Tuesday, August 16, 2011

Dark Days

I didn’t want to write today. The news broke last night that Rick Rypien had killed himself and I thought to myself, let someone else write about it. As a fan of Rypien the player, I felt a little gut punched and wasn’t particularly in the mood to share. I and others in Vancouver had the opportunity to watch Rick in the bigs. He was the type of player, as a hockey fan you loved to watch. He was tough, hard working, never backed down from a fight and truly seemed to love playing the game. When he signed as a Jet, I of course was thrilled; he was the perfect blue collar player for a blue collar town.  So his death by suicide was a loss that truly deflated me. Let someone else write about it, I’m sure there are plenty that will.

But then I started hearing the word depression, and mental illness thrown around, along with a lot of tired cliché’s and misconceptions.  I myself had always assumed Ricks absences where due to substance abuse, a disease that seems to claim a lot of young famous people that lead fast paced lives. However we’re starting to get just a glimpse of what was really haunting Rick, and to be honest substance abuse may have been preferable. We started to hear that Rick probably suffered from depression, and as a result I started to hear the question “why?” a lot. Why would a young man with so much going for him be depressed? Why we would he take his own life? From the outside looking in these are logical questions, unfortunately the answers don’t really adhere to logic.

I have myself have lived at arm’s length with mental illness, as one member (possibly more) of my immediate family openly battles depression every day of their lives. I have seen this horrible disease, and yes it is a physical disease, from top to bottom.  As someone not afflicted your first reaction is to say “snap out of it” but as you live with the disease day in and day out you realize how foolish that remark is.  A person with depression can no more just snap out of it than an amputee can just put their limb back on. The most insidious thing about depression is the victims often know that there is no logical reason for them to feel the way they do, but still darkness permeates their mind. It creates a frustration, and a sense that they are trapped in their own head by their own thoughts with no escape. Often this leads to self medicating with drugs or Alcohol, and when that no longer works, there seems to be only one escape left. Imagine waking up in a suffocating prison that follows you wherever you go.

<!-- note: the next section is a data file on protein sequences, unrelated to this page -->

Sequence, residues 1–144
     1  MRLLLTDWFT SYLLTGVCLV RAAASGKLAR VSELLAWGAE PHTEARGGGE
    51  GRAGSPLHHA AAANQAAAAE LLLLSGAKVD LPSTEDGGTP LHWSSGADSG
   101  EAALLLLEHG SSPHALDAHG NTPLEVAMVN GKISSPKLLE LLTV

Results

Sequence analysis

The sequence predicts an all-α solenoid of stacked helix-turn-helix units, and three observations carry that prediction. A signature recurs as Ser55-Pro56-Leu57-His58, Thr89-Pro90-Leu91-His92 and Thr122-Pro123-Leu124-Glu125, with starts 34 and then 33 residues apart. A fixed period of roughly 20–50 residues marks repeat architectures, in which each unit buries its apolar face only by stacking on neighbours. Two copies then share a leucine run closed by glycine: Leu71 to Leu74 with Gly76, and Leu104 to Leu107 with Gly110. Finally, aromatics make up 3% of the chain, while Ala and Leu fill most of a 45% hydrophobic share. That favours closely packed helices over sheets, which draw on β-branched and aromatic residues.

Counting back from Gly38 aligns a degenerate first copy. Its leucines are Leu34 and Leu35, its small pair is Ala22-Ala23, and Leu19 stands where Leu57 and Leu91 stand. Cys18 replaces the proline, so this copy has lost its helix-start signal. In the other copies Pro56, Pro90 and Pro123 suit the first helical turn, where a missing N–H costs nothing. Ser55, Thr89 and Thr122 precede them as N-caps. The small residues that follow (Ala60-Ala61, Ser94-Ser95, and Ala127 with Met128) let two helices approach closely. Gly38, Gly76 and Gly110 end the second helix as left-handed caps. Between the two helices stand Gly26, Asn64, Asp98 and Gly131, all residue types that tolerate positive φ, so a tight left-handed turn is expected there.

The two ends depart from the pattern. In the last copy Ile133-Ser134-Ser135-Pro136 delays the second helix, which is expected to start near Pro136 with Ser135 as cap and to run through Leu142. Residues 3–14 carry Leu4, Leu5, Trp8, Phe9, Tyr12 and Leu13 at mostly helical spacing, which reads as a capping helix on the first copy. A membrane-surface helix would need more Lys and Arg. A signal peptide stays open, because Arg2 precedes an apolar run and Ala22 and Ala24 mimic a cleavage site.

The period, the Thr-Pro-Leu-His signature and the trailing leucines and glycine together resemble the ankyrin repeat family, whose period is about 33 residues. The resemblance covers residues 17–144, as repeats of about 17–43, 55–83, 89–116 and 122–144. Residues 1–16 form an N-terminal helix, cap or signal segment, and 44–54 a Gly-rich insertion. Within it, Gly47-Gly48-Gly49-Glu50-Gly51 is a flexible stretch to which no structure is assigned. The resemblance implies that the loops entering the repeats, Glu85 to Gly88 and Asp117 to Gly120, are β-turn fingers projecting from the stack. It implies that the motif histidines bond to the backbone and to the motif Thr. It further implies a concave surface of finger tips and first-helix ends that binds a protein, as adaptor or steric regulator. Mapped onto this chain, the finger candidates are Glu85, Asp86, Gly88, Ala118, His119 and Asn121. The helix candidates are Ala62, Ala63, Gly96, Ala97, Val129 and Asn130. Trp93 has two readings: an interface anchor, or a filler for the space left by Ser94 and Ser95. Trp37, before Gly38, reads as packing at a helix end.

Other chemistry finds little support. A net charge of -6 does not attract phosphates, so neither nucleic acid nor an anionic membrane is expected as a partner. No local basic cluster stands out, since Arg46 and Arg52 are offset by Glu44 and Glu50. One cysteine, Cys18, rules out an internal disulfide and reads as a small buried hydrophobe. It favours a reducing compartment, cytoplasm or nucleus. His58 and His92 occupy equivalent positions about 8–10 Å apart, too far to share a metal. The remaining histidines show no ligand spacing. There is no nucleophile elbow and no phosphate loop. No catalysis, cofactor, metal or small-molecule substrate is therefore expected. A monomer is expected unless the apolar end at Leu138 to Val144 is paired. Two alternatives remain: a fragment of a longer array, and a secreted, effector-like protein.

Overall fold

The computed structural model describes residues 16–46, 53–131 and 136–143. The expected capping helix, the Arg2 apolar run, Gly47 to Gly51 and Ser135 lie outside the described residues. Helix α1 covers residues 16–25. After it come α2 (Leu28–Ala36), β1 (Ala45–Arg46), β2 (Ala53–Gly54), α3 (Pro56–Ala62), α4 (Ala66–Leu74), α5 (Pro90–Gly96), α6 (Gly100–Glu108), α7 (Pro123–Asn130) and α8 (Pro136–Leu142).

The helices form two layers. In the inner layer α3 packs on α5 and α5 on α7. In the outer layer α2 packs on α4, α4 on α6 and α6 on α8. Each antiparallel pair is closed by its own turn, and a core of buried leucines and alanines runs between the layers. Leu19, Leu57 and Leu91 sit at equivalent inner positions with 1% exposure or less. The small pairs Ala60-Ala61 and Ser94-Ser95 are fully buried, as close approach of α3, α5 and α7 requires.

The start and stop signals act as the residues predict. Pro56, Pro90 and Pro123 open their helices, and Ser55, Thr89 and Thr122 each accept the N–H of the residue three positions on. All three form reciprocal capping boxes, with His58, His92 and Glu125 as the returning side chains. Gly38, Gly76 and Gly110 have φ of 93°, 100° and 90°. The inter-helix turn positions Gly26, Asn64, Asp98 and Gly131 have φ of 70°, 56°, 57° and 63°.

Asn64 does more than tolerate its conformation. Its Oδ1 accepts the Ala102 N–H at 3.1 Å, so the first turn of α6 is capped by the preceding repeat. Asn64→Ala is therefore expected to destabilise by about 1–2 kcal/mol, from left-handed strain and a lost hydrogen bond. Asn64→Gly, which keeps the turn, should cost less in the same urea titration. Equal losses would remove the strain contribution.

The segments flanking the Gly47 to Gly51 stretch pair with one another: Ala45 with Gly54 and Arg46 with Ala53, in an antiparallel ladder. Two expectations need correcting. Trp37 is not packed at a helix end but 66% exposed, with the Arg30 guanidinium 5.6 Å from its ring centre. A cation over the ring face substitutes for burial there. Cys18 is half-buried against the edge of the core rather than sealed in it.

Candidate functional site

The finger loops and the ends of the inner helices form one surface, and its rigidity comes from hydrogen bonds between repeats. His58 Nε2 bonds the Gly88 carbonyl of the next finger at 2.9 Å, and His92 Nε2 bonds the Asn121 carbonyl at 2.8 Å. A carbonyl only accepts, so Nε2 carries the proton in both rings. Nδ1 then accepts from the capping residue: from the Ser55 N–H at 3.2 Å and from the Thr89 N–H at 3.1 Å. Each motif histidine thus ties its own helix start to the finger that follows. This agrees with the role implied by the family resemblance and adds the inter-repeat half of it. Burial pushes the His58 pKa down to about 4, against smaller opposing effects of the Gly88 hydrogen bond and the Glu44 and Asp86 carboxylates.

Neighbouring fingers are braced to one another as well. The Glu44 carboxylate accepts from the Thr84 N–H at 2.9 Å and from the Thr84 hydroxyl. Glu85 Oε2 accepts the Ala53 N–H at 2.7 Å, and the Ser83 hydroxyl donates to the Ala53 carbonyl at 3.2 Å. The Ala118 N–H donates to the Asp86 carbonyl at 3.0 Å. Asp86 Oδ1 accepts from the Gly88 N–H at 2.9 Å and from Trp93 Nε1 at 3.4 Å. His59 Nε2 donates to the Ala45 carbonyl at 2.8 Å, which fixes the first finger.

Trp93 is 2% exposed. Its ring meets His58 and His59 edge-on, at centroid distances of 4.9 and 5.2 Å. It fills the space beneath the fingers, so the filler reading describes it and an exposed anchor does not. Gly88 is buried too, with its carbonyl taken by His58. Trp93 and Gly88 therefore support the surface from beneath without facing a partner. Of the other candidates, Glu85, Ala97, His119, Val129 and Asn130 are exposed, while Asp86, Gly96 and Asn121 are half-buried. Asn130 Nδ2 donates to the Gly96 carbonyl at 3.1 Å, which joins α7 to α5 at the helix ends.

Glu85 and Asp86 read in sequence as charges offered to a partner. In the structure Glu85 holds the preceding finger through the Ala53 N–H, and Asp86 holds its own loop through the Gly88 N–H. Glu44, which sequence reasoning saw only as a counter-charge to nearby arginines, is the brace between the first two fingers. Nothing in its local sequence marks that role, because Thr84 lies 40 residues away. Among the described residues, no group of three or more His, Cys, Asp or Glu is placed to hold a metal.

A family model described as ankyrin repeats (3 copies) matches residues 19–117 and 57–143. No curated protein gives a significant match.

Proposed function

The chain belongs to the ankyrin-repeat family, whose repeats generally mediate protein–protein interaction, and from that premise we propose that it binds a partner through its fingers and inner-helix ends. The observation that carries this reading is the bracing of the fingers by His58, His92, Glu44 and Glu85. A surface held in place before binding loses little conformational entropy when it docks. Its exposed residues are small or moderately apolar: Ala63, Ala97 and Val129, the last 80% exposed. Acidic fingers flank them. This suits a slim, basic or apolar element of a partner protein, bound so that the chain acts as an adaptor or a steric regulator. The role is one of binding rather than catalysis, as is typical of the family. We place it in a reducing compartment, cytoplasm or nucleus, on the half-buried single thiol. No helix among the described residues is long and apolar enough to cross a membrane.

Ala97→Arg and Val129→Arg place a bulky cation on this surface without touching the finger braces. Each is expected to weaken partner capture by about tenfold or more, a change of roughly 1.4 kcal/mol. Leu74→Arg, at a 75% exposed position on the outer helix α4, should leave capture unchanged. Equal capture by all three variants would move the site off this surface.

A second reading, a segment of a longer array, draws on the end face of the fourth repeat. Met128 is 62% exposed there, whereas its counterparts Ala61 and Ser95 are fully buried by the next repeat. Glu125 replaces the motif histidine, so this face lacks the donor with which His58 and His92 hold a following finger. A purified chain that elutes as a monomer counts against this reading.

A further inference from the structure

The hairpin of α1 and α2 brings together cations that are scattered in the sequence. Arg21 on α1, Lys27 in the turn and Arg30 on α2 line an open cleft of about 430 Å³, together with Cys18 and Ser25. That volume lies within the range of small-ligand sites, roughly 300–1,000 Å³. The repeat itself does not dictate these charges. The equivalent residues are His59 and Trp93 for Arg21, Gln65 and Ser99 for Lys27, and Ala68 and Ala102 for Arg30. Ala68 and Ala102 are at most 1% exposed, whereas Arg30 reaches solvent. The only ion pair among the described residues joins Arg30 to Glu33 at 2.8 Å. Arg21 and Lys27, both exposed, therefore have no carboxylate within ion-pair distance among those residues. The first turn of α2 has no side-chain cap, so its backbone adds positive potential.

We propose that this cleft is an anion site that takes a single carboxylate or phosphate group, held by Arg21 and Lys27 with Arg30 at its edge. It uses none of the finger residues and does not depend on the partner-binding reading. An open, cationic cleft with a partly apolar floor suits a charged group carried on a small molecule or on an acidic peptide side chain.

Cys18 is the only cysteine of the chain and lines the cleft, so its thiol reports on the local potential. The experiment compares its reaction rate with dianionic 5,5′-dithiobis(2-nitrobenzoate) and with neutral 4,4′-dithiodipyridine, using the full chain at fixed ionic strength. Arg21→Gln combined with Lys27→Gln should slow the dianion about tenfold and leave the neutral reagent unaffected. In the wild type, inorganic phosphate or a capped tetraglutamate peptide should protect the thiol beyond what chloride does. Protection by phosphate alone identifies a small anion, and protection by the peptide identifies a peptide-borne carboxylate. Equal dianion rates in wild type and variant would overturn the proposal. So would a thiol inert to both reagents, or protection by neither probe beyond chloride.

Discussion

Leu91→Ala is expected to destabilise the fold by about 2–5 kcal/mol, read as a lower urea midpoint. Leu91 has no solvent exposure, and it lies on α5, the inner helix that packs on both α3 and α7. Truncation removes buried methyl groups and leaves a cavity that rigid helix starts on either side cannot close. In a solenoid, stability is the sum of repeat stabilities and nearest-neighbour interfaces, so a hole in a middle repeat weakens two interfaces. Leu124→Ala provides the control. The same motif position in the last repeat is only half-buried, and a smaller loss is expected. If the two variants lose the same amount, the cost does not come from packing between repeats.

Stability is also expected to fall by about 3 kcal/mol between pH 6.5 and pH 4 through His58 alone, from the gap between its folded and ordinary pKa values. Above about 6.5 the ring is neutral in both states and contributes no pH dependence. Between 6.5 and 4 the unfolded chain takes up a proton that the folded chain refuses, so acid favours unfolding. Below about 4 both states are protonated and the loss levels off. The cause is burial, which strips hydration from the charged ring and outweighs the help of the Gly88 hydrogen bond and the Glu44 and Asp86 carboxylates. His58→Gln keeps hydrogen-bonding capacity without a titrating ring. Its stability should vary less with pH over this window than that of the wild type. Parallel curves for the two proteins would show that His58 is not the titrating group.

Fortunately a lot seek help and can at least slowly step away from the brink, but this step is harder than you might think. The stigma that is attached to mental health makes this a painful thing to admit, not only to one’s self, but to family and friends. I can only imagine what it must be like to be an elite athlete and have to admit that you have been betrayed by your own mind.

I have also heard “If he had only sought the proper treatment”. Who’s to say that he hadn’t? Treatment is not a magical panacea; it is a long and tough road that can be ineffective in the beginning. Several victims of depression can spend years of painful trial and error finding the right combination of therapy, medication, diet, and exercise. It is however worth the effort, as depression is curable to some extent and there are several thousand people who have successfully broken through to the other side. But it is a journey in a very literal sense, and not everyone makes it.

So reader, I guess I did end up writing today. I guess I needed to, and in some ways it was me selfishly wanting to come to terms with the reality that depression can even affect our pro athletes.  I don’t know for sure what dark rider chased Rick or what his circumstances where. I do know that the story sounds all too familiar to me. I really wanted to see you play again Rick, this time in a Jets uniform .... I really did. 

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